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Northrop Grumman: Top Dog and First Mover in Satellite Repair

By Rich Smith - Sep 9, 2020 at 8:15AM

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For the time being, Northrop Grumman's space robots are the only ones able to perform in-orbit satellite repair and service.

Nearly five years in the making, Northrop Grumman's (NOC 1.97%) "Mission Extension Vehicle" project is now well under way, and gathering momentum.

While it is still early innings for this new business Northrop is building, and therefore difficult to estimate how big the opportunity might become (both for Northrop and for its customers), Northrop Grumman has leapt to an early lead in an entirely new field of space business. If it proves successful -- and lucrative -- this is a business Northrop has a good chance of dominating for years to come.

Artist's depiction of a Northrop Grumman MRV spacecraft carrying eight attached engine pods.

Image source: Northrop Grumman.

First try, first success

We first told you about the MEV project back in early 2016, when Northrop -- or more precisely, Orbital ATK, the space business that Northrop bought in 2017 -- revealed its plan to launch spaceships into orbit to serve as tow trucks for defunct satellites. When a customer's satellite runs out of fuel, falls into an improper orbit, or simply breaks down, Northrop will launch a MEV to rendezvous with the sick satellite and do whatever is needed to get it back in operation.

In April of this year, Northrop scored its first MEV success, mating with Intelsat's (INTE.Q) IS-901 communications satellite (which was out of gas, inoperable, and floating in a "graveyard orbit"), and taking over the role of the comsat's engine. For a total cost of $65 million, Intelsat will be able to get another five years of service life out of its satellite -- instead of having to spend more than $300 million to build and launch a replacement satellite. 

That's a significant cost savings for Intelsat). Significant enough, in fact, that the company has gone ahead and hired Northrop to launch a second MEV (MEV-2) to perform a similar service for its still operational but low on fuel Intelsat 10-02 satellite as well -- and MEV-2 is already on its way.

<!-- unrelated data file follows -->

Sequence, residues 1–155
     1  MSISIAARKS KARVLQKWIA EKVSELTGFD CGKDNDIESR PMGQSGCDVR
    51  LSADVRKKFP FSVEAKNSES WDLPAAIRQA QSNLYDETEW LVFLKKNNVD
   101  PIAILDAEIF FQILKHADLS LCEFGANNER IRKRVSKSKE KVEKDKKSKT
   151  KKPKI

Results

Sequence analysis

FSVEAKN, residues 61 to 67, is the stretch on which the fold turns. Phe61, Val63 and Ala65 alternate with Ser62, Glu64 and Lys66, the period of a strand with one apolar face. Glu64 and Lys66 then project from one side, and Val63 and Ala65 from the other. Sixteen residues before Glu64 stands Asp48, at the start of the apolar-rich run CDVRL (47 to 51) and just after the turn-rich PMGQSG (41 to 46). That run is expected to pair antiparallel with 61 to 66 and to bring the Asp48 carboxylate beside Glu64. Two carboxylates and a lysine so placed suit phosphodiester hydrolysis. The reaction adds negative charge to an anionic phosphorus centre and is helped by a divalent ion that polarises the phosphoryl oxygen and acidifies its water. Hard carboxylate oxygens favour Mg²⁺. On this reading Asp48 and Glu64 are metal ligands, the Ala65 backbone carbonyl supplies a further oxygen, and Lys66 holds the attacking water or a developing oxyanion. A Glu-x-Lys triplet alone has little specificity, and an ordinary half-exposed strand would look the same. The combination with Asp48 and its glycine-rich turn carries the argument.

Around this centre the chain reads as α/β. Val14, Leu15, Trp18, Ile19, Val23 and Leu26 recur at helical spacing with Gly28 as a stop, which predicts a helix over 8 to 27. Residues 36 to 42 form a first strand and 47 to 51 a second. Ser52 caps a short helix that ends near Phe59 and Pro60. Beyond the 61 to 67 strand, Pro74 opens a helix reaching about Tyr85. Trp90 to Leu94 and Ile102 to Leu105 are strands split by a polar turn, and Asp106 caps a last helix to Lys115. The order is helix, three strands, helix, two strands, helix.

Aiming to go 2-for-2

Last month, Arianespace and Intelsat announced the successful launch of an Ariane 5 rocket carrying several payloads, among them a Galaxy 30 geosynchronous communications satellite that will begin Intelsat's transition to freeing up spectrum for 5G internet service, and also Northrop's MEV-2.

According to the companies, MEV-2's mission will be similar to MEV-1's, but with one important difference: Whereas MEV-1 took over maneuvering responsibilities for a defunct satellite, essentially bringing it back to life, MEV-2 will dock with Intelsat 10-02 while it's still functional and providing critical telecommunications services. If all goes well, Intelsat may never need to remove this satellite from service in the first place. 

What it means for Intelsat -- and for Northrop Grumman

Each MEV satellite carries sufficient fuel for 15 years of operations, so while MEV-2 has initially been hired to serve as Intelsat 10-02's "engine" for only five years, it could in theory perform this mission for longer, pushing back the date at which Intelsat has to lay out more cash for a new satellite. (With Intelsat short on cash, struggling under a $15 billion debt load, and working its way through a bankruptcy restructuring, this is not a minor concern.)

The story with Northrop is even more promising.

In an August interview with, Joe Anderson, the vice president of operations and business development at Northrop subsidiary Space Logistics, confided that Northrop sees in-orbit satellite servicing as a "growth area" for the company. 

Indeed, with one MEV mission under its belt already and a second under way, Northrop is preparing to take the next step in expanding this business. It's now at work designing a "Mission Robotic Vehicle", or MRV, which should be able to undertake even more advanced missions than the MEV can perform. Among them: Instead of devoting an entire MEV spacecraft to "engine duty," the MRV will carry and be able to attach engine "pods" to multiple separate satellites to serve as auxiliary engines. An MRV carrying just eight such pods (see artist's rendering above), and deploying each for separate engine duty at the $13 million-a-year rate charged by MEV for this service, could theoretically yield an 8x increase in Northrop's revenue stream from this service. Granted, for a $35 billion-a-year business, the resulting revenue possibility -- $104 million -- won't move the needle a whole lot. But even so, $104 million is a start. 

Alternatively -- or additionally -- the MRV may: (1) tow a satellite from a wrong orbit into a right one, and then leave it there; (2) perform up-close inspections of satellites to gauge their health and diagnose problems; and even (3) repair broken satellites in orbit. 

Northrop hopes to launch its first MRV in 2023 -- a faster development time than we saw between the initial MEV announcement and MEV's first mission success. Meanwhile, Northrop appears to have no real competition in this industry. While other companies (SpaceX partner Momentus, for example, as well as Maxar Technologies) have expressed interest in the business of in-orbit satellite repair, only Northrop has accomplished it.

In this new industry, Northrop is already the first mover. Even if competition does eventually emerge, it looks like Northrop will already be the top dog in this new industry when it does.

Rich Smith has no position in any of the stocks mentioned. The Motley Fool has no position in any of the stocks mentioned. The Motley Fool has a disclosure policy.

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